The genesis of the domesticated Dromedary camel (the one-humped camel) in the historical record is found where any great genesis might be expected, in Genesis. The domesticated dromedary camels begin their story, at least in the written record, in the Bible.
It seems a safe assumption that these camels would have been domesticated given the context and given they are listed with other domesticated animals (and that a gift of untamed and aggressive wild camels is, to put it mildly, an inconvenience).
However, this particular passage, as well as many others in Genesis stating there were camels in Egypt, has been said by many to have come into conflict with the archaeological record. This is based of a fairly recent study by archaeologists Lidar Sapir-Hen and Erez Ben-Yosef of Tel Aviv who propose dromedaries were not in Egypt around that time.
Their work has been circulating various forms of media, most
of which claiming this study disproves the Bible. A claim not actually asserted in the paper itself (though many new articles claim they did), though it was partly claimed the following year by ‘American Friends of Tel Aviv University’, though obviously if the conclusions made are true this would cause difficulties for the authenticity of the Genesis story.
Firstly it should be noted that attempting to accurately pinpoint a time and place for domestication is extremely difficult, if not sometimes impossible, given that domestication is a process that occurs over a long period of time rather than being a single event and given people are usually on the move….
That being said.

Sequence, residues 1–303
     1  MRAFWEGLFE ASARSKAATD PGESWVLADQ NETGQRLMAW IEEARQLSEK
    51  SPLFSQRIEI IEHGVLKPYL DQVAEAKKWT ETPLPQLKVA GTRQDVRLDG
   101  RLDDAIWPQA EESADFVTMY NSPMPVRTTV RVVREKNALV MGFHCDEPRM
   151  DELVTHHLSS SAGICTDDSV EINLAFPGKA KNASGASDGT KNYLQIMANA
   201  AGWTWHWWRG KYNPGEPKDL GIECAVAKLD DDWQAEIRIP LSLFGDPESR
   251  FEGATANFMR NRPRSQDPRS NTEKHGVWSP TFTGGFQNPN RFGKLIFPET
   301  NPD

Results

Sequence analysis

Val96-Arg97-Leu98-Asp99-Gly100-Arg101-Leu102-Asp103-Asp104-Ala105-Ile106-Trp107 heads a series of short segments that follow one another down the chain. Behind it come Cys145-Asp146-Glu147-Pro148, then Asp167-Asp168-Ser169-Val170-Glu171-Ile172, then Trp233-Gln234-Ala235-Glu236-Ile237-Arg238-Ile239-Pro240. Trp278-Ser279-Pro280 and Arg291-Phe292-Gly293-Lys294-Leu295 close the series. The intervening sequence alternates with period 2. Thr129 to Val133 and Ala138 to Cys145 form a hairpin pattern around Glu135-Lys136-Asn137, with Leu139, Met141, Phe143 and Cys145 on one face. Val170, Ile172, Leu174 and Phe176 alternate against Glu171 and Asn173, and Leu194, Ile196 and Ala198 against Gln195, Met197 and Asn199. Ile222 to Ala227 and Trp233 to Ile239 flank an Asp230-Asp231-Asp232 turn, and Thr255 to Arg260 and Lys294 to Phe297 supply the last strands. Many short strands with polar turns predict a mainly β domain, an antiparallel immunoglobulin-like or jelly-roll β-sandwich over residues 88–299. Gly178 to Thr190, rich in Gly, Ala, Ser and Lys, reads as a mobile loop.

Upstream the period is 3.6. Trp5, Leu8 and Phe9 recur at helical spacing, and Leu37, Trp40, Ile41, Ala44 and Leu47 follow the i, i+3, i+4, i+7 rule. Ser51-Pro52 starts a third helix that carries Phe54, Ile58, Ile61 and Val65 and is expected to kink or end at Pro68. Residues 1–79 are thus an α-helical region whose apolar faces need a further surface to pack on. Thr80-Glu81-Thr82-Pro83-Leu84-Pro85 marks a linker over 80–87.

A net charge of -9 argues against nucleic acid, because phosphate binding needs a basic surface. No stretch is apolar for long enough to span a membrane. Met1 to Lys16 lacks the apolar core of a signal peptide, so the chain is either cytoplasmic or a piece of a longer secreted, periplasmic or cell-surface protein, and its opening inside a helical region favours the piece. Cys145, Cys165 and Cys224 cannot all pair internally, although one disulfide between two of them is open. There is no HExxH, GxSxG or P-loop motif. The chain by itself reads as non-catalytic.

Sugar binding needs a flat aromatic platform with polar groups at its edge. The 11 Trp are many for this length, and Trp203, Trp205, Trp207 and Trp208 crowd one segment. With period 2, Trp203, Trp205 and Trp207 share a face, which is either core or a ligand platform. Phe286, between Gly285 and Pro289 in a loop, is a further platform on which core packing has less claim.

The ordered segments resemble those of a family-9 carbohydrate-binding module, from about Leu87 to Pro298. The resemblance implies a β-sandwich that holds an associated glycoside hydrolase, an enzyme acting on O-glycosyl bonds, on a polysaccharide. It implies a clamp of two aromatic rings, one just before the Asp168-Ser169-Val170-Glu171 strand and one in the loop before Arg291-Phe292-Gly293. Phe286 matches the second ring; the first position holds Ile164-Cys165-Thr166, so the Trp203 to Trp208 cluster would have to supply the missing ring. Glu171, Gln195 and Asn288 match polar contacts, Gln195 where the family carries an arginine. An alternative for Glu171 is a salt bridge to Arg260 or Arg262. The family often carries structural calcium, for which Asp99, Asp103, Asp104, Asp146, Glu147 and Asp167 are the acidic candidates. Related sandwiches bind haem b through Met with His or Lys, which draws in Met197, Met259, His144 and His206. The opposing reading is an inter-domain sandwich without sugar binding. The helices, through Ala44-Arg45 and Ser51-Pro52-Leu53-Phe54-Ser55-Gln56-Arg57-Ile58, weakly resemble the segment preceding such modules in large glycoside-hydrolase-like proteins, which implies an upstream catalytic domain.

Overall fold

Sapir-Hen and Ben-Yosef’s work is pretty solid. After excavation they now have themselves the oldest bones of the domesticated camels we have, dated to around the 9th century BC.
A major difficulty with dromedary’s is that morphologically, they appear to have changed relatively little since domestication which makes it difficult to determine whether they’re domesticated bones or not. Though still possible, they employed various techniques for determining if the bones were domesticated:
- Bone frequency
- Diachronic size changes
- Sexing of the bones
- Bone lesions
They also tie the bones into socio-economic changes of the time, it appears likely dromedaries were used in the copper smelting site and as such were domesticated. They argue these bones mark the introduction of camels into this region. So how could Egypt have domesticated camels around 1000 years before the Aravah Valley (see map) given they were domesticated in southern Arabia.
Very quickly after being introduced to the region they would have been used for jobs such as this and very quickly the organisation of these sites would have changed, as they did. From these changes and the dating of bones they are able to pinpoint when camels were introduced to the region.
This is an incredibly brief overview and I suggest reading the paper if you can.
Although there are some archaeological remains of dromedaries in Egypt, there is very little (especially compared to the Arabian Peninsula) and whether they have been domesticated is questionable. There is also a lack of dromedaries being mentioned in the historical record, either from written sources of from art, whereas their is an abundance in the southern
Arabia (discussed briefly here). It seems likely then given the proximity of the Levant that Egypt would also have adopted domesticated Dromedaries, but little evidence for this exists. It would be expected the Egyptians would also used them in their smelting plants, particularly given their climate and lack of any beasts of burden, however there is no evidence for this.
From the evidence available it appears incredibly reasonable to believe that domesticated dromedaries were not in Egypt at the time of Genesis. Though this conclusion could conceivably change the study of dromedary domestication is still debated and researched and new evidence could completely change current theory… though this seems unlikely.
Although it should be considered this a book that states that the human race started with only two people… most people today believe the book of Genesis to be mostly allegorical anyway and the inclusion of camels by writers of a later time (something that appears likely) seems reasonable, as even today many probably associate camels with Egypt.
It is hard to imagine Egypt without camels… Even Google Images seems to see them as iconic of Egypt: